Don’t Spend Too Much Time Talking and Too Little Time Doing

One of the aspects of Ryan Holiday’s book Ego is the Enemy that I really like is the way that Holiday helps us with strategies and advice for achieving our goals. His main focus in the book is on our ego, and how our ego can trip us up and prevent us from reach the destinations we want. As he explains the pitfalls of living for our ego, he indirectly shows us what he thinks is a good life and what we can do to live a good life. The strategies and ideas he present are simple and help build habit which I have found very helpful.

 

One piece of advice from the book is to talk a lot less, especially about our goals and projects. “Research shows that while goal visualization is important,” Holiday writes, “after a certain point our mind begins to confuse it with actual progress. The same goes for verbalization.” Our brains seem to confuse actual action on a project with thoughts about and talk about a project or goal. Our mental resources get used up in talking through and explaining our goal before we ever put any mental energy into the necessary steps to achieve our goal.

 

“After spending so much time thinking, explaining, and talking about a task, we start to feel that we’ve gotten closer to achieving it … although of course we haven’t.”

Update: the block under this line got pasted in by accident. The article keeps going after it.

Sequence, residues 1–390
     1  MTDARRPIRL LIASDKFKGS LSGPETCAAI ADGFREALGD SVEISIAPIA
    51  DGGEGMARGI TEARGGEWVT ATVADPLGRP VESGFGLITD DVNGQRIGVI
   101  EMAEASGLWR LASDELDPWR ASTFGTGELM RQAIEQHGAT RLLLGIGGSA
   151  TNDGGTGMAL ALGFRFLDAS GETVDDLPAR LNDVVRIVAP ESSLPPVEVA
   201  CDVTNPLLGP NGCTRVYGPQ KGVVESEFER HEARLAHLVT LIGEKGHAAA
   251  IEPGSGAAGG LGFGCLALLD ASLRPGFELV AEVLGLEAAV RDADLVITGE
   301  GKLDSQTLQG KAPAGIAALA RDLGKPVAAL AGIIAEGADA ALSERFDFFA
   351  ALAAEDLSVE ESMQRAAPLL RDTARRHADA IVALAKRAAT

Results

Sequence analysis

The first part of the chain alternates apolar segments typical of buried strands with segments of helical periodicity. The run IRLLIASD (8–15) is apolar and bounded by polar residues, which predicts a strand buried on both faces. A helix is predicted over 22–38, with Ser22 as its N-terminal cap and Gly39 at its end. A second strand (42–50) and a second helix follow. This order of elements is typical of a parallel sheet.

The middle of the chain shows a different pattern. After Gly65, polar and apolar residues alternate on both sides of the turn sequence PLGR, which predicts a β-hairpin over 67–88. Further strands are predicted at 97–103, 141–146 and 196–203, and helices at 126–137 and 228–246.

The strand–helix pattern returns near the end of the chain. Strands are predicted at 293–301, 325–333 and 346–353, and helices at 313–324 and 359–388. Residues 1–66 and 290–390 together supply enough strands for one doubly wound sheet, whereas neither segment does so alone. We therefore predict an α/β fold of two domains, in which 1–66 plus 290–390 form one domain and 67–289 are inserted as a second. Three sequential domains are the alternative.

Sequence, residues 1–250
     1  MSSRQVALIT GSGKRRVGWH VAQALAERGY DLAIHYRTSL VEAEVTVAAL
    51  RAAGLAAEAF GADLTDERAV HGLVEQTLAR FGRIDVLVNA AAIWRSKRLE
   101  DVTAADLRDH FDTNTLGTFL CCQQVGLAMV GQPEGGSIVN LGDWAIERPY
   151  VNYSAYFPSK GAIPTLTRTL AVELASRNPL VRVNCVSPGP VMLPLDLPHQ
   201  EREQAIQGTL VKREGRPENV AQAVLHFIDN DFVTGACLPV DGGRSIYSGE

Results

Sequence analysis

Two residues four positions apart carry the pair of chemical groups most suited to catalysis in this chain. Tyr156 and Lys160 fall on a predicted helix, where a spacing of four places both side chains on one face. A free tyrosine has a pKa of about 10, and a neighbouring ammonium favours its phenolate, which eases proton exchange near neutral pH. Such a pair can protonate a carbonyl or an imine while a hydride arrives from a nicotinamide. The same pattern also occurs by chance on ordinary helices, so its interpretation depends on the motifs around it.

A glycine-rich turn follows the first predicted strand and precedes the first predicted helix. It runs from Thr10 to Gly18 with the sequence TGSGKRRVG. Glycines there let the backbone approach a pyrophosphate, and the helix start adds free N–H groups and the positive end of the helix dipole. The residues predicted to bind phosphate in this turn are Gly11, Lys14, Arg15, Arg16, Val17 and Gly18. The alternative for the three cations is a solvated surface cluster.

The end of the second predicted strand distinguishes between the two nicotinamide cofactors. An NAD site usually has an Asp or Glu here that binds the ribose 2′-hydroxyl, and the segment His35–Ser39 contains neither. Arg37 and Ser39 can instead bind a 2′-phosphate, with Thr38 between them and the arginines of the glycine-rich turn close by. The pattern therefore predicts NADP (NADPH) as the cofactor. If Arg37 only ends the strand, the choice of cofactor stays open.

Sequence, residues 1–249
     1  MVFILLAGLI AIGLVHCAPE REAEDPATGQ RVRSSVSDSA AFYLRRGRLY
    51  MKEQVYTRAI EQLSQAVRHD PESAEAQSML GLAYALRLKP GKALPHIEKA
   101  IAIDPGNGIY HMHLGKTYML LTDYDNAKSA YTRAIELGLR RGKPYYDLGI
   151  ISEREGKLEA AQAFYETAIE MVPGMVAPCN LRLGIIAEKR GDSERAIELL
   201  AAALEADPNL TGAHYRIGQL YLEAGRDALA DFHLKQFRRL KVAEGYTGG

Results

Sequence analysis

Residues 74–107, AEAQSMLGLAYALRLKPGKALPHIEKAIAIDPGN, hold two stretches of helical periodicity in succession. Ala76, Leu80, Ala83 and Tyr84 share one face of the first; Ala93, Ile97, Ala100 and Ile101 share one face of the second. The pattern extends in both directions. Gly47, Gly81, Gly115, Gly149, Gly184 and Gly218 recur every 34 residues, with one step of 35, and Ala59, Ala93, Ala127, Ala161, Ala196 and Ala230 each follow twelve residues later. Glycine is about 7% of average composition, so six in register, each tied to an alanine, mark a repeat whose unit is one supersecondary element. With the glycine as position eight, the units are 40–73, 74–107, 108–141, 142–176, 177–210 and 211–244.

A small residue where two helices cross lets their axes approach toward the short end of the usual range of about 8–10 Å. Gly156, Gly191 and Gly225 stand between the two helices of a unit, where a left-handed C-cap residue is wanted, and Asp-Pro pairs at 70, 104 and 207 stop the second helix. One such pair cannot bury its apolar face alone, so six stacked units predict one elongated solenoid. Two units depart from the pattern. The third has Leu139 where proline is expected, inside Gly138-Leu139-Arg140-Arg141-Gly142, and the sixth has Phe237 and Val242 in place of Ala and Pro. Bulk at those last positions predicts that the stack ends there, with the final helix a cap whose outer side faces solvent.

Actual action requires that we stop talking and planning. We have to stop telling people about the great thing we want to do and put forward the energy to make that thing a reality. Planning in our mind, getting excited about a project or goal, and  thinking through all things we could do to either achieve or heighten the goal is at some point just as much of a distraction for us as social media, the next Marvel movie, or that box of girl-scout cookies. We must get moving, even if the action is small and seems insignificant at first. Talking and over thinking a goal will lead to inaction and will not actually help us do the things to reach our goal.

 

Holiday adds a rhetorical question (italics his), “I just spent four hours talking about this. Doesn’t that count for something? The answer is no.”

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